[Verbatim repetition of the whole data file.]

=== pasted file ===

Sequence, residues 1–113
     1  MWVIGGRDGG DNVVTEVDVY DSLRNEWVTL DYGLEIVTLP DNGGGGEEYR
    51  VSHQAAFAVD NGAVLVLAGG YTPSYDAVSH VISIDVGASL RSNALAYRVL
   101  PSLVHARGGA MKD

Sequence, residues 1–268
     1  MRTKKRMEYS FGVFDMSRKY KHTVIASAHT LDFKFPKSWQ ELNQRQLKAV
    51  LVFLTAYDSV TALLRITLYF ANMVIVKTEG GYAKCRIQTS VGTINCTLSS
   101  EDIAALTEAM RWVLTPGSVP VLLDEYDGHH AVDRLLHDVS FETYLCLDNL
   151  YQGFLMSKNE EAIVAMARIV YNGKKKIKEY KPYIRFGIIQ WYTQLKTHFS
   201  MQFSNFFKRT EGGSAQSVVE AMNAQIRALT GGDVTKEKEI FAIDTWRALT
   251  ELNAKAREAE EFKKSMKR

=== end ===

Sequence, residues 1–113
     1  MWVIGGRDGG DNVVTEVDVY DSLRNEWVTL DYGLEIVTLP DNGGGGEEYR
    51  VSHQAAFAVD NGAVLVLAGG YTPSYDAVSH VISIDVGASL RSNALAYRVL
   101  PSLVHARGGA MKD

Sequence, residues 1–268
     1  MRTKKRMEYS FGVFDMSRKY KHTVIASAHT LDFKFPKSWQ ELNQRQLKAV
    51  LVFLTAYDSV TALLRITLYF ANMVIVKTEG GYAKCRIQTS VGTINCTLSS
   101  EDIAALTEAM RWVLTPGSVP VLLDEYDGHH AVDRLLHDVS FETYLCLDNL
   151  YQGFLMSKNE EAIVAMARIV YNGKKKIKEY KPYIRFGIIQ WYTQLKTHFS
   201  MQFSNFFKRT EGGSAQSVVE AMNAQIRALT GGDVTKEKEI FAIDTWRALT
   251  ELNAKAREAE EFKKSMKR